Hennes & Mauritz AB and Zara owner Inditex SA both reported that an improvement in sales stalled in the autumn as a new round of Covid-19 lockdowns led consumers to curb spending on clothes.
From late October through November, H&M’s sales fell 22 percent from a year earlier, the Swedish retailer said Tuesday. Spanish rival Inditex reported a revenue decline of 19 percent in November and 13 percent in the first 10 days of December.
The pandemic has been a stress test for retailers around the world, revealing how strong their brick-and-mortar networks and e-commerce operations are. A return to lockdowns in Europe shows how brief and volatile the recovery has been. When governments lift restrictions, consumers often need garments for a new season rather than the ones that had been in stores. That has led Inditex’s sales to drop for nine consecutive months.
Conditions are worsening further in December in some markets as Germany reenters a strict lockdown in the middle of the vital Christmas shopping season. Localised restrictions have also been imposed in countries such as the UK.
Shares of H&M fell as much as 3.2 percent, while Inditex fell as much as 2.3 percent.
The Spanish retailer said currently 8 percent of its stores are temporarily closed, and an additional 10 percent on weekends. Many also face restrictions on capacity and opening hours.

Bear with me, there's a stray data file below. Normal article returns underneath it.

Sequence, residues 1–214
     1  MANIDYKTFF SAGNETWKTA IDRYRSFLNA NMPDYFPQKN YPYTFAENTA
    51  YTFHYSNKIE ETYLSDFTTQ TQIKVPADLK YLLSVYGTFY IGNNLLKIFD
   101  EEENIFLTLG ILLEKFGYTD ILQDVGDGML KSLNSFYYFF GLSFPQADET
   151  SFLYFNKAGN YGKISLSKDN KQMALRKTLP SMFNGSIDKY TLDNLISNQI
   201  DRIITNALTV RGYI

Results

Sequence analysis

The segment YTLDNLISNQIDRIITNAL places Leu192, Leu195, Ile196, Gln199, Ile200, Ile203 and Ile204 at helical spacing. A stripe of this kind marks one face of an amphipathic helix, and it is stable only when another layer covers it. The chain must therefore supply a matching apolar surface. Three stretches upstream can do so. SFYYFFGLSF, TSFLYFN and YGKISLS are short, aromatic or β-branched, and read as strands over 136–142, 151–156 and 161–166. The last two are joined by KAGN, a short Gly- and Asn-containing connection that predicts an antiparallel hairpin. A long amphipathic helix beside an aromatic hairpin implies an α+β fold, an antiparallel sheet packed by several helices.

At H&M, revenue declined 10 percent in local-currency terms in its fourth quarter, which ran through November. The Swedish retailer said in October it will permanently close 250 stores on a net basis next year, reducing the total by 5 percent.
H&M had 130 stores temporarily closed as of Monday, down from as many as 1,100 in November. However, the company will soon shutter all stores in Germany and the Netherlands, Nils Vinge, investor-relations director, said by phone. He added it’s misleading to look only at the number of closures because there’s been a “sharp decline” in consumer traffic at stores that reopened but are under restrictions.
Inditex managed to reduce its stock-in-trade by 11 percent at the end of October, showing how its flexible purchasing agreements allow the company to quickly adapt to changes in demand.
The retailer said Autumn/Winter collections have been well received by customers.
“Inditex is dealing with a very complicated situation for the retail sector but it is showing very good cost control and margins, figures very closely watched by the market,” said Gonzalo Lardies, equities fund manager at Andbank Wealth Management Spain.
By Anton Wilen and Macarena Munoz.